N2 - Recent rapid technological advances have enabled robots to fulfill a variety of human-like functions, leading researchers to propose the use of such technology for the development and subsequent validation of interventions for individuals with autism spectrum disorder (ASD). Although a variety of robots have been proposed as possible therapeutic tools, the physical appearances of humanoid robots currently used in therapy with these patients are highly varied. Very little is known about how these varied designs are experienced by individuals with ASD. In this study, we systematically evaluated preferences regarding robot appearance in a group of 16 individuals with ASD (ages 10–17). Our data suggest that there may be important differences in preference for different types of robots that vary according to interaction type for individuals with ASD. Specifically, within our pilot sample, children with higher-levels of reported ASD symptomatology reported a preference for specific humanoid robots to those perceived as more mechanical or mascot-like. The findings of this pilot study suggest that preferences and reactions to robotic interactions may vary tremendously across individuals with ASD. Future work should evaluate how such differences may be systematically measured and potentially harnessed to facilitate meaningful interactive and intervention paradigms.

AB - Recent rapid technological advances have enabled robots to fulfill a variety of human-like functions, leading researchers to propose the use of such technology for the development and subsequent validation of interventions for individuals with autism spectrum disorder (ASD). Although a variety of robots have been proposed as possible therapeutic tools, the physical appearances of humanoid robots currently used in therapy with these patients are highly varied. Very little is known about how these varied designs are experienced by individuals with ASD. In this study, we systematically evaluated preferences regarding robot appearance in a group of 16 individuals with ASD (ages 10–17). Our data suggest that there may be important differences in preference for different types of robots that vary according to interaction type for individuals with ASD. Specifically, within our pilot sample, children with higher-levels of reported ASD symptomatology reported a preference for specific humanoid robots to those perceived as more mechanical or mascot-like. The findings of this pilot study suggest that preferences and reactions to robotic interactions may vary tremendously across individuals with ASD. Future work should evaluate how such differences may be systematically measured and potentially harnessed to facilitate meaningful interactive and intervention paradigms.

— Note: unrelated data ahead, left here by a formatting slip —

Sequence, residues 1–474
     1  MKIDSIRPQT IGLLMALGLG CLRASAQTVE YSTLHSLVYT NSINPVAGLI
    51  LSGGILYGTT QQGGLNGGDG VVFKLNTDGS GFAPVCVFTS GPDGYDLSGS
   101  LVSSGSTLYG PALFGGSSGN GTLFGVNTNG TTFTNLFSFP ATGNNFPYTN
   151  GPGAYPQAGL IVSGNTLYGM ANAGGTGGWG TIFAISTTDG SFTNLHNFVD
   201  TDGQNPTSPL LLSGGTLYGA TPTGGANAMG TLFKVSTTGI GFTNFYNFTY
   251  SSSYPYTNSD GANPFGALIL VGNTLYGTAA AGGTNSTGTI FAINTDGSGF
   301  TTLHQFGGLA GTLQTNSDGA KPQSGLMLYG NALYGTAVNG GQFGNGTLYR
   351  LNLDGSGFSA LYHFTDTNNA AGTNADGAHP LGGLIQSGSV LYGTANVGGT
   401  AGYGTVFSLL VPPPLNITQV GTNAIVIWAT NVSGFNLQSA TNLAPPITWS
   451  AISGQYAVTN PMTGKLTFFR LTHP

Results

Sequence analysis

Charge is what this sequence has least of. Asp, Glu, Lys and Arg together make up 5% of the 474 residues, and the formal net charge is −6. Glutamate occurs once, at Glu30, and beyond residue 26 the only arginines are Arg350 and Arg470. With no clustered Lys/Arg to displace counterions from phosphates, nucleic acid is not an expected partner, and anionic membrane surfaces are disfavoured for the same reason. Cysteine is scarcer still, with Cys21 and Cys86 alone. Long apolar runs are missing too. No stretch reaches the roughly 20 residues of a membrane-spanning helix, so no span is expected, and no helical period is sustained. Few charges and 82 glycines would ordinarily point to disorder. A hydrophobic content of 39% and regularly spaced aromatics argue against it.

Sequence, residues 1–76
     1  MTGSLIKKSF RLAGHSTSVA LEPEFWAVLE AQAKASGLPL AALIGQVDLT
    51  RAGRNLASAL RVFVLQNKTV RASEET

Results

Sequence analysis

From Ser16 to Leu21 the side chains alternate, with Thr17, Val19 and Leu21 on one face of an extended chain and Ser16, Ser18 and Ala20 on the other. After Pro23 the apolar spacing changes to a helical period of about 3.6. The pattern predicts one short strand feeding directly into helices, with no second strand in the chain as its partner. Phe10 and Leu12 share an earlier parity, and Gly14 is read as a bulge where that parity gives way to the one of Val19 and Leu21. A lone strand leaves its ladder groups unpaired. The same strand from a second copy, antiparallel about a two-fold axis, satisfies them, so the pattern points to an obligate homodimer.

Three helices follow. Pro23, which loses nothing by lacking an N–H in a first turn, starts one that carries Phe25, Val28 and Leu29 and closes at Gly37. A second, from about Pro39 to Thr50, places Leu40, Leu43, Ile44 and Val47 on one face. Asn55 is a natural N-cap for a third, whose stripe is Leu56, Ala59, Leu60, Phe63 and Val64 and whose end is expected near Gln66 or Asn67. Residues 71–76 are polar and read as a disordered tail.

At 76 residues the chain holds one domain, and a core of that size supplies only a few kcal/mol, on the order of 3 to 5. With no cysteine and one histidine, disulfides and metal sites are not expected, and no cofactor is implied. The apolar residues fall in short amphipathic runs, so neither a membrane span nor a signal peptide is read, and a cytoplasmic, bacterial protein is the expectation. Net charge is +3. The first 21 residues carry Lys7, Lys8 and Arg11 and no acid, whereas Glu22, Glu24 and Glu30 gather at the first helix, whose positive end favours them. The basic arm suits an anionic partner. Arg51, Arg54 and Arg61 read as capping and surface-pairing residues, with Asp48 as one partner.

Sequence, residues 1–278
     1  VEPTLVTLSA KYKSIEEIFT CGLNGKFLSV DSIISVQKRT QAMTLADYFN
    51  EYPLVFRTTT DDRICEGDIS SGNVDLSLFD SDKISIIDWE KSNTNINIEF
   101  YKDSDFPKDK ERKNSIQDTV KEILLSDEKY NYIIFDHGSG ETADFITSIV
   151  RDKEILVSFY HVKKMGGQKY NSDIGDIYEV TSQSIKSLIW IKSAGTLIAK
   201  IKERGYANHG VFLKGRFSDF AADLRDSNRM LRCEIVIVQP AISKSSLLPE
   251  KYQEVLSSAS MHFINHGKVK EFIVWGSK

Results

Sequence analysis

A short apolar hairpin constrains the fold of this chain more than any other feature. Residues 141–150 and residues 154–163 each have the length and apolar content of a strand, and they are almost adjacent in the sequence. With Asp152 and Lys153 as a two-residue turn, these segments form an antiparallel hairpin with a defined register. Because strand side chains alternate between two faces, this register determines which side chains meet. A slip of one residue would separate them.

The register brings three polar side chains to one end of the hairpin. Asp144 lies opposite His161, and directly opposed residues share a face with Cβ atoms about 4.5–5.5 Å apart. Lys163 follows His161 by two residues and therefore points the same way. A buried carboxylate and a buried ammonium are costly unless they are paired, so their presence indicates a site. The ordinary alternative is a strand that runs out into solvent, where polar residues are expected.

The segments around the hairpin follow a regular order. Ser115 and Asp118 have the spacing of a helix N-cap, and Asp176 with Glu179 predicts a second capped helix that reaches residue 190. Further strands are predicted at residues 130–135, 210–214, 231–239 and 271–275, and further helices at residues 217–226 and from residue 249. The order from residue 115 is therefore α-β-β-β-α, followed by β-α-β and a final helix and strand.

UR - http://www.scopus.com/inward/record.url?scp=85031293165&partnerID=8YFLogxK

UR - http://www.scopus.com/inward/citedby.url?scp=85031293165&partnerID=8YFLogxK

U2 - 10.1371/journal.pone.0186581

DO - 10.1371/journal.pone.0186581

M3 - Article

C2 - 29028837

AN - SCOPUS:85031293165

VL - 12

JO - PLoS One

JF - PLoS One

SN - 1932-6203

IS - 10

M1 - e0186581

ER -